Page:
Here’s a Recipe Roundup of my favourite Gluten Free Muffins. There are only seven recipes but by varying them and using a seasonal strategy I never get tired of them. These recipes are long time favourites that were originally made with wheat flour. I’ve been making every one of these recipes for more than twenty years so I guess they really have stood the test of time.
Cooking With A Seasonal Strategy
What I mean by a seasonal strategy is to eat foods that are in season. When they are at their peak they taste like they were meant to taste, no matter how far they travelled to get to you. For gluten free muffins you might think there is no season but there is. Pay attention and over time you’ll learn that citrus season is at the beginning of the year, raspberries are at their peak in July and apples are falling off the trees in September. It varies a bit depending where you live but not too much.
A seasonal strategy to cooking ensures variety throughout the year and a reasonable break so that your old favourites seem new after not making them for a long time. Here’s how I think about the seasons when it comes to muffins.
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Gluten Free Muffins All Year Long
|Time Of Year||Muffins To Make with Recipe Link|
|January/February – I make banana muffins any time of year but in the dead of winter bananas are often on my kitchen counter and I make these. Sometimes I double this recipe and make a Banana Bundt Cake.||Banana Muffins and |
Banana Bundt Cake with Chocolate Glaze or cream cheese icing.
|March/April – Rhubarb grows in gardens everywhere in spring and Canadians like to cook with it. That’s when I make these muffins (or a cake version) but I admit, that rhubarb often comes from my freezer.||Rhubarb Streusel Muffins and |
Rhubarb Coffee Cake
|May/June – This is when people start talking about Amusement Park Food and ‘Those Little Donuts’ covered in cinnamon-sugar. These remind me of the donut holes my grandmother used to make, I think I might try deep frying them and see what happens.||Muffins That Taste Like Donuts|
|July/August – I pick raspberries from my garden to make these muffins in the summer. In the winter I do a savoury version with cheddar cheese, bacon, jalapenos or jalapeno jelly. So many options.||Cornmeal Raspberry Muffins and Cheddar Cornmeal Muffin variation any time of year|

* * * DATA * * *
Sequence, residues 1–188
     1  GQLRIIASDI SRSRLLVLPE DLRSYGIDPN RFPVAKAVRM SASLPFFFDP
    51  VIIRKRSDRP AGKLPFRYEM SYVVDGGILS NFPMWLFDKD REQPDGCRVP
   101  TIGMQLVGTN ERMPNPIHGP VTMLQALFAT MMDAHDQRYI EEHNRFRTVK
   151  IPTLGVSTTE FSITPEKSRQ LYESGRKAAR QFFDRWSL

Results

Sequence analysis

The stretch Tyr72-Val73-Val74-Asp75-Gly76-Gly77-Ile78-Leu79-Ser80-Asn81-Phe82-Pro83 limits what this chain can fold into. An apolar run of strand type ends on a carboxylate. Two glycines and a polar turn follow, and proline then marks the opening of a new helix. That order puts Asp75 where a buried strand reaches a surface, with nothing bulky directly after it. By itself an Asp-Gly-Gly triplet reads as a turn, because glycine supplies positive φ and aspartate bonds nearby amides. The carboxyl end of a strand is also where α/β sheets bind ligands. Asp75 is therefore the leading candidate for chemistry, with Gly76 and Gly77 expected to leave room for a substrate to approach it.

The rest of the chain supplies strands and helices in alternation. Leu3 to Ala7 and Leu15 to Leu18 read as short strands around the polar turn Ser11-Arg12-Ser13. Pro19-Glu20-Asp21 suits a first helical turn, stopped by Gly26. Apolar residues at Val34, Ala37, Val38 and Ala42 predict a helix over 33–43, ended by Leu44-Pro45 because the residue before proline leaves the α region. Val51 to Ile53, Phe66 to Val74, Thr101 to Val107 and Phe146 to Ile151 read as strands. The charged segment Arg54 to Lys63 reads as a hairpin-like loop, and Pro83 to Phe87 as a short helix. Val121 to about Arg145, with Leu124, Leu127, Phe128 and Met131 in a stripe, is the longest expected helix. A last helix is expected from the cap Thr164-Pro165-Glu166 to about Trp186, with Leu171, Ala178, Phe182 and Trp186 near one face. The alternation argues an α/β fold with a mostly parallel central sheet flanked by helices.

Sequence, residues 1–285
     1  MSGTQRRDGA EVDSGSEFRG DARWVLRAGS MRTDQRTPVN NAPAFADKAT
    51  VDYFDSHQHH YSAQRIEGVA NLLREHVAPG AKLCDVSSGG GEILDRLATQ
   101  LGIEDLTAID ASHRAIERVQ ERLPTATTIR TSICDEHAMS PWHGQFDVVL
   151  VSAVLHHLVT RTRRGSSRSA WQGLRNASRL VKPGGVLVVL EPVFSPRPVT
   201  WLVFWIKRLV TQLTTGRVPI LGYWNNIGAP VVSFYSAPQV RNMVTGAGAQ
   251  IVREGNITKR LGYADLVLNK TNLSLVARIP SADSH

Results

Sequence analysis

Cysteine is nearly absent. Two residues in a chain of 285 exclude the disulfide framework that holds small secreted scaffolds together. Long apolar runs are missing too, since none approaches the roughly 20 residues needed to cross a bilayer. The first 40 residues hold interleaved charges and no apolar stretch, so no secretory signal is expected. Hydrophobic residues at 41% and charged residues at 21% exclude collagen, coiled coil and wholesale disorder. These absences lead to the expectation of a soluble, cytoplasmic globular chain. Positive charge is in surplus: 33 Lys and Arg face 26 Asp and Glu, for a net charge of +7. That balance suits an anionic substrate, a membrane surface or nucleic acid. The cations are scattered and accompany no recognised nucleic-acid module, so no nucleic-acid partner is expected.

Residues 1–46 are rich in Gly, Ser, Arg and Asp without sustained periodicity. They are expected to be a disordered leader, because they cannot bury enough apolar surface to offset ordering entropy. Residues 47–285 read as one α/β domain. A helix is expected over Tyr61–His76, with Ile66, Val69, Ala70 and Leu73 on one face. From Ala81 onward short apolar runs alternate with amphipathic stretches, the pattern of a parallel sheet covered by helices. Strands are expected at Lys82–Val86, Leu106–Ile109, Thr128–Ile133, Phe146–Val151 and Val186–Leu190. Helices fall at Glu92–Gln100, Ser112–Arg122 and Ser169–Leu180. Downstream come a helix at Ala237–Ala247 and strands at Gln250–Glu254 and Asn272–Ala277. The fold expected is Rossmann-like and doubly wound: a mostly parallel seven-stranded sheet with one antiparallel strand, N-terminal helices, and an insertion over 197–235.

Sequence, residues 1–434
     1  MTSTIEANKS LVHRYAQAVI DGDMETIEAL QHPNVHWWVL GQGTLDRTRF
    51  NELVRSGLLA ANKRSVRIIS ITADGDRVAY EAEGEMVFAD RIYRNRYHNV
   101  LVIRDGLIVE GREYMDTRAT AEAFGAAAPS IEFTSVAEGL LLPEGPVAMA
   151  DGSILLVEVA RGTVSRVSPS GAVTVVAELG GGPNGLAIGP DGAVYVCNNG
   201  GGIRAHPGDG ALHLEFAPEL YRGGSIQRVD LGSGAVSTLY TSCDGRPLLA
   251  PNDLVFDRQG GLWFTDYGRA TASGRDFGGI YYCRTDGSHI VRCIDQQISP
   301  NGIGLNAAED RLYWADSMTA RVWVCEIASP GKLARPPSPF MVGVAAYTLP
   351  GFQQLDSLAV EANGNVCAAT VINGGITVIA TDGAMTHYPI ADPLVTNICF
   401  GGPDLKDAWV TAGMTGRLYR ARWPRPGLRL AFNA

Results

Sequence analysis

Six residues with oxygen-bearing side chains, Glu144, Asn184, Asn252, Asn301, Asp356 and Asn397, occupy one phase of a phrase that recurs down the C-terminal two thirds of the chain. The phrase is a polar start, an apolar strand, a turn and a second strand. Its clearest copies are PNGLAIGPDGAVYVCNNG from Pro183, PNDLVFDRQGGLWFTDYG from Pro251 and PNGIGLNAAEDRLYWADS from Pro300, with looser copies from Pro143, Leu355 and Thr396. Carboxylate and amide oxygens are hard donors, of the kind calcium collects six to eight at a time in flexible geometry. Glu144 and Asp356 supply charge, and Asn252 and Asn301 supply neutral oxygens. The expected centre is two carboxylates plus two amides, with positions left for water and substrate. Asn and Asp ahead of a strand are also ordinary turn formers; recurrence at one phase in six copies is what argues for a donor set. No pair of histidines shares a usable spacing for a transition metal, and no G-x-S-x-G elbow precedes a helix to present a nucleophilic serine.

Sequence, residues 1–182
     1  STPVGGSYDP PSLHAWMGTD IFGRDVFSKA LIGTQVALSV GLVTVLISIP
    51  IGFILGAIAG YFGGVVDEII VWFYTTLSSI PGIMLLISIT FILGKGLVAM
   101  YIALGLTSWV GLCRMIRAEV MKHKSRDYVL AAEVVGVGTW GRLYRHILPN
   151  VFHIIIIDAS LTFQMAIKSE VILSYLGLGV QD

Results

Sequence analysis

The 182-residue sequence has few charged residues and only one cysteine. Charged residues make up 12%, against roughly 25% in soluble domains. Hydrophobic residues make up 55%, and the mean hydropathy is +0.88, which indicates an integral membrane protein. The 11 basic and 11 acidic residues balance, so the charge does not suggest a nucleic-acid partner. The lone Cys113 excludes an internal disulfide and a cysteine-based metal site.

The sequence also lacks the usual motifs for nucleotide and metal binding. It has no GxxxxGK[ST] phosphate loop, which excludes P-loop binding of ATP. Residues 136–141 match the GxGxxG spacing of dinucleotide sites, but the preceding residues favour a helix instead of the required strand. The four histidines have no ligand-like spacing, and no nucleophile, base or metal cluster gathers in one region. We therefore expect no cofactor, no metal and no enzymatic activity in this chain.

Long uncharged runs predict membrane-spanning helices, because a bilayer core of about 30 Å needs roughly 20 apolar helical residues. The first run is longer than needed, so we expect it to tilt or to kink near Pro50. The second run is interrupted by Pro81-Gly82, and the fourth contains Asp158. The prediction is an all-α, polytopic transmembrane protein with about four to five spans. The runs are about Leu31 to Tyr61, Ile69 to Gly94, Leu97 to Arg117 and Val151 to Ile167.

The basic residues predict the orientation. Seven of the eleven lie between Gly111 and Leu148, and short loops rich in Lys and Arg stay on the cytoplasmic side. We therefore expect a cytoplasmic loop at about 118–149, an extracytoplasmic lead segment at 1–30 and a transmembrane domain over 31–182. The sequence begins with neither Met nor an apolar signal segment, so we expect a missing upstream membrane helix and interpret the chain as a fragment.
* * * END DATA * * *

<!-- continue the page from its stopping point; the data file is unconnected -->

|September/October – Toward the end of summer when I have carrots in my garden and apples are everywhere I make Morning Glory Muffins. Then suddenly pumpkin takes over and I make these delicious Pumpkin Ginger Muffins too.||Morning Glory Muffins and|
Pumpkin Ginger Muffins or omit the ginger and add a cream cheese swirl
|November/December – The arrival of Mandarin oranges marks the beginning of citrus season. Cranberries are also plentiful so I make these muffins right through until the end of January. With a little tweaking of the recipe this makes a fabulous bundt cake.||Cranberry Orange Muffins|
Reinventing Gluten Free Muffins
Professional bakers and connoisseurs will argue that muffins and cake are not the same. Technically I agree, but as an everyday cook I like to make recipes that work and I repeat the ones that taste great. You can vary them all to suit your taste and call them whatever you like.
Creating a Collection of Favourite Recipes
There are millions of recipes and people love to share them. I recommend that you make your own collection, big or small, of favourite gluten free muffins. It’s likely that every gluten free muffin recipe you try won’t turn out exactly as you had hoped. That’s okay, just don’t save the recipe and don’t make them again. Look for the ones that appeal to you and keep them. Soon you’ll have enough tried-and-true recipes, that work in your kitchen, to keep your baking interesting all year long.
What You Need to Make Muffins
You don’t need too many tools to bake muffins; just a single muffin pan and you can feed yourself well for years to come. My advice is to buy quality bakeware, it doesn’t need to be the most expensive, but not the cheapest either. Many baking pans will last decades. Here are a few tools for baking muffins:
- Standard size muffin pan with 6 or 12 cups, my choice for everyday snacks
- Mini size muffin tin for cuteness or small appetites.
- silicone muffin baking pans, 6 or 12 that require some adjustments for baking but are the best environmental choice
- I’ve never tried a ceramic coated muffin tin but if you’re shopping it’s something to consider.
- A standard 10-inch Bundt pan, or even the mini Bundt pans gives you options for turning your favourite muffin recipe into more of a dessert.
- The typical round silicone muffin liners (individuals you put into your existing muffin pan) are good for the planet and you can buy different shaped muffin liners too.
I’d love to hear in the comments below about your experience making gluten free muffins and what your favourites are.